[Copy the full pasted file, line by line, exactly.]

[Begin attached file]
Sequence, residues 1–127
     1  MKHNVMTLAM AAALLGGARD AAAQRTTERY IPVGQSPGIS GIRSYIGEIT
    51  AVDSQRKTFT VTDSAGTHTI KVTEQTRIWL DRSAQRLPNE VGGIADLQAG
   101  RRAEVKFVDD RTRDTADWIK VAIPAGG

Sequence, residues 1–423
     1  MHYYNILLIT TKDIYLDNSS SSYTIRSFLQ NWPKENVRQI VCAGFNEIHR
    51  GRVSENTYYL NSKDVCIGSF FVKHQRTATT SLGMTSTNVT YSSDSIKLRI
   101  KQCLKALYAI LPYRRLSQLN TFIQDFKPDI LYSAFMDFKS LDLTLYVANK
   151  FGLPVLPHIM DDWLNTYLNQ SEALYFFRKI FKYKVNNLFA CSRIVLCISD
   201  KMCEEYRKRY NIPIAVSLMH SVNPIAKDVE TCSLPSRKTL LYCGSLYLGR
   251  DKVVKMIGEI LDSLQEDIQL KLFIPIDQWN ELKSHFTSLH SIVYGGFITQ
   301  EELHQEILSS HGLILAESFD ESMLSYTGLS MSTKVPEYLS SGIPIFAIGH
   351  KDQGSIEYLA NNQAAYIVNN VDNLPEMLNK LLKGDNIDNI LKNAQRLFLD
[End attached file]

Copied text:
Sequence, residues 1–127
     1  MKHNVMTLAM AAALLGGARD AAAQRTTERY IPVGQSPGIS GIRSYIGEIT
    51  AVDSQRKTFT VTDSAGTHTI KVTEQTRIWL DRSAQRLPNE VGGIADLQAG
   101  RRAEVKFVDD RTRDTADWIK VAIPAGG

Sequence, residues 1–423
     1  MHYYNILLIT TKDIYLDNSS SSYTIRSFLQ NWPKENVRQI VCAGFNEIHR
    51  GRVSENTYYL NSKDVCIGSF FVKHQRTATT SLGMTSTNVT YSSDSIKLRI
   101  KQCLKALYAI LPYRRLSQLN TFIQDFKPDI LYSAFMDFKS LDLTLYVANK
   151  FGLPVLPHIM DDWLNTYLNQ SEALYFFRKI FKYKVNNLFA CSRIVLCISD
   201  KMCEEYRKRY NIPIAVSLMH SVNPIAKDVE TCSLPSRKTL LYCGSLYLGR
   251  DKVVKMIGEI LDSLQEDIQL KLFIPIDQWN ELKSHFTSLH SIVYGGFITQ
   301  EELHQEILSS HGLILAESFD ESMLSYTGLS MSTKVPEYLS SGIPIFAIGH
   351  KDQGSIEYLA NNQAAYIVNN VDNLPEMLNK LLKGDNIDNI LKNAQRLFLD